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Who can figure out the toucan? You can!
Adult Toco toucan.
[Image courtesy of Thiago Filadelpho]
The toco toucan's bill occupies a special place in the hall of animal oddities.
Making up about one-third of the bird's total body length, it's the largest bill of any bird, compared to its owner's body size. Scientists have puzzled for centuries over the bill's possible purpose. Might be used for attracting mates? Maybe for manipulating fruit?
Now, a team of researchers has another explanation. Like the elephant's ear, the toucan's bill may operate as a remarkably efficient radiator that dumps body heat when the bird needs to cool down.
As revealed from thermal imaging, toucans can restrict blood flow to the bill when cold, and when warm, can increase blood flow to remove heat.
[Image courtesy of Glenn Tattersall]
To discover this, Glenn Tattersall of Brock University in Canada and colleagues monitored toucans with heat-sensing cameras while the birds were exposed to different air temperatures.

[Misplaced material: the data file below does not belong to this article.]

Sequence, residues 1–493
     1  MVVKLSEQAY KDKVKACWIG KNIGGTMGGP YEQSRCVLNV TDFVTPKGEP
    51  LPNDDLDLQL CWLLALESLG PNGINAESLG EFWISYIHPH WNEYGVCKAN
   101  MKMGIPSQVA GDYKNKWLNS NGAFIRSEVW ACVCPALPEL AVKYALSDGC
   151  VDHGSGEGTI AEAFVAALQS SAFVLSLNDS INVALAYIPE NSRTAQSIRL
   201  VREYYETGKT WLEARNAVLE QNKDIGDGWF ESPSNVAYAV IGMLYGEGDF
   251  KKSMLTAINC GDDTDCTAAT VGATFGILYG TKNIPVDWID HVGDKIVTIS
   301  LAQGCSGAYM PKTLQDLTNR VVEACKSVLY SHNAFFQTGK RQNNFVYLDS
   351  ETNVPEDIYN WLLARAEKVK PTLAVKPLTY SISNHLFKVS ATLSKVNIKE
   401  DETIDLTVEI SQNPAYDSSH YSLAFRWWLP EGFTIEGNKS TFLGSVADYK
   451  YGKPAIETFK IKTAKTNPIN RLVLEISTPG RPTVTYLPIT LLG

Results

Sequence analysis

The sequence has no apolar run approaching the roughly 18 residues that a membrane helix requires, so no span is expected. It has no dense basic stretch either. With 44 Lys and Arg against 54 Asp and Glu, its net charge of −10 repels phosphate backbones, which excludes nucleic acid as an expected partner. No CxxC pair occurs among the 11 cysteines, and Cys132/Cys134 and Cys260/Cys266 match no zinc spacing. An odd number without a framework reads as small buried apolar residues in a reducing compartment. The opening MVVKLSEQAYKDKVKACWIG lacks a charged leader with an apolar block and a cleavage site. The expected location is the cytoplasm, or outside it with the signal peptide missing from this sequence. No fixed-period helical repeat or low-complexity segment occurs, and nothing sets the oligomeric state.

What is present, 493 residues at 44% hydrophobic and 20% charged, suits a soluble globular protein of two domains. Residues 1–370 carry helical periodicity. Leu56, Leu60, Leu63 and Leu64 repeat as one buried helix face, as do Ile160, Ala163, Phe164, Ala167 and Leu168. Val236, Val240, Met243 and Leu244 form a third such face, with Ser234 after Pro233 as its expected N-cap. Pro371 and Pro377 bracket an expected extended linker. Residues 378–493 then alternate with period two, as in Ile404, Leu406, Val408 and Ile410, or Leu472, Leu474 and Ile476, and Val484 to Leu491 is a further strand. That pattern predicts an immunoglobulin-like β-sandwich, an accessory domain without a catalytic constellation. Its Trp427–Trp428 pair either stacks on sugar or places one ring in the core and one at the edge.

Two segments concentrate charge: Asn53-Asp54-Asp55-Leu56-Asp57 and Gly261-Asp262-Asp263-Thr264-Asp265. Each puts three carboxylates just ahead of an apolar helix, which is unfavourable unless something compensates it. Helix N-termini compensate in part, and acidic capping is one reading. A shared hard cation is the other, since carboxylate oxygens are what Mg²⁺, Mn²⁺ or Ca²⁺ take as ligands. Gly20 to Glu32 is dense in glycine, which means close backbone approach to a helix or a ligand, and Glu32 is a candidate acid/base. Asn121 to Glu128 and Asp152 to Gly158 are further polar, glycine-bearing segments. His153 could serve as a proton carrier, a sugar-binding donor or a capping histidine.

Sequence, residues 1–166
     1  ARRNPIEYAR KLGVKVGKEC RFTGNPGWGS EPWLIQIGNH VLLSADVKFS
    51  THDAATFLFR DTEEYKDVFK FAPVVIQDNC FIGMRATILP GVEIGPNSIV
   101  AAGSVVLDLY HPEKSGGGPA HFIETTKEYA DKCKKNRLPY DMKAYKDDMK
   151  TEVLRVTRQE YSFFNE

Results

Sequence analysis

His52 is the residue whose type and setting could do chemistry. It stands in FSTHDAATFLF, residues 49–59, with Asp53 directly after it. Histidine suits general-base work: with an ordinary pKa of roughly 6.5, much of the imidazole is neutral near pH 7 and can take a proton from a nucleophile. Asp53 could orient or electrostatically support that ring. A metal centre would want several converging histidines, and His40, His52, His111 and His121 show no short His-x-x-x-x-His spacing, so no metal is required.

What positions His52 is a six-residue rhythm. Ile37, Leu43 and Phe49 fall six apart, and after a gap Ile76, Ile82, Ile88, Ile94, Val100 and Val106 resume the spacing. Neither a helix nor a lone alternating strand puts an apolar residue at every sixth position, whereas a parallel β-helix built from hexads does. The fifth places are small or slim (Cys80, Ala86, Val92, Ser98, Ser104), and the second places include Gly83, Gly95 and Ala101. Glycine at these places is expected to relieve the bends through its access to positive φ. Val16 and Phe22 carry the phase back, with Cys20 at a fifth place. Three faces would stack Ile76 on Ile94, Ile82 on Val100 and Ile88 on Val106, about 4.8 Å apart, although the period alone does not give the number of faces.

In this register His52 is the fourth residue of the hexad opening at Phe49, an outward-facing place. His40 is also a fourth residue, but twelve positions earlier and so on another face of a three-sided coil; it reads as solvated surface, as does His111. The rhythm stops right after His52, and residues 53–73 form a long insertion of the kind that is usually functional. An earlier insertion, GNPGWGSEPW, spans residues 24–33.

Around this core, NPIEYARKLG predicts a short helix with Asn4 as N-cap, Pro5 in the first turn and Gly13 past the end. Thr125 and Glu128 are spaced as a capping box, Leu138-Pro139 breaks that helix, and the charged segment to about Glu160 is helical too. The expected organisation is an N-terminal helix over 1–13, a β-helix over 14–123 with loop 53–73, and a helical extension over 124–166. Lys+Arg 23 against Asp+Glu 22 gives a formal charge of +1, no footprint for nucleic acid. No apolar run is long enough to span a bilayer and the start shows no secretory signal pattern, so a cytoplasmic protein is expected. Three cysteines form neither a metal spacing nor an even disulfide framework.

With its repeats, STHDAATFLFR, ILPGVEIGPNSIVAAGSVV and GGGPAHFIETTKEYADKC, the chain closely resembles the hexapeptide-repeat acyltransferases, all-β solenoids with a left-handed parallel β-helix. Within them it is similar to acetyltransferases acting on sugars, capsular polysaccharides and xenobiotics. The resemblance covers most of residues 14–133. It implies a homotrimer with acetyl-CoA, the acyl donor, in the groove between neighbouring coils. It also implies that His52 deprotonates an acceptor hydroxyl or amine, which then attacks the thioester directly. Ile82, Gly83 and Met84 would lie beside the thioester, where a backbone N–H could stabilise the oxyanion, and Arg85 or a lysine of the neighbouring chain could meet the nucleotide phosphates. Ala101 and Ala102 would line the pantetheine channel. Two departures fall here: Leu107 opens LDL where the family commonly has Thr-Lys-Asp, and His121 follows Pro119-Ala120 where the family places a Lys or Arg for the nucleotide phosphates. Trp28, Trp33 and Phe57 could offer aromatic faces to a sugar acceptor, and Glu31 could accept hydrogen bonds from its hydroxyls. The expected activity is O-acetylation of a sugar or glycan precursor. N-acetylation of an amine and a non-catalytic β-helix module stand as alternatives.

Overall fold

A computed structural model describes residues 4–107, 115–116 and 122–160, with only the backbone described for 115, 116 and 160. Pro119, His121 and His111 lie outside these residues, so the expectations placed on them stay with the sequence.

The researchers observed that the bill's surface temperature changed quickly as its environment warmed or cooled. For example, at sunset, as the birds were going to sleep, the bills cooled by about 10 degrees Celsius within minutes.
The birds thus appear to use their bills, which have many blood vessels that bring heat near the bill's surface, to radiate heat so that the animals can reduce their body temperature during sleep. In their study, the authors speculate that other birds, which can't sweat, after all, may also use their bills for this purpose.
This research appears in the 24 July issue of the journal Science.